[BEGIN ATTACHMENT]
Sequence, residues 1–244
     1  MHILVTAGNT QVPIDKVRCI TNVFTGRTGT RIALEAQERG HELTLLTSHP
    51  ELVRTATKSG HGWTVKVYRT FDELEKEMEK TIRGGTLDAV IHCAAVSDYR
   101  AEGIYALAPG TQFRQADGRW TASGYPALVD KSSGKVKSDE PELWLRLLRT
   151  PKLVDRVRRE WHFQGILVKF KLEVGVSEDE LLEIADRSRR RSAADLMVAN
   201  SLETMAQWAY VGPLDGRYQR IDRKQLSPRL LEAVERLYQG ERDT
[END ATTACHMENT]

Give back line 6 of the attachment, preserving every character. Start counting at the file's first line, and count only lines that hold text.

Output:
   201  SLETMAQWAY VGPLDGRYQR IDRKQLSPRL LEAVERLYQG ERDT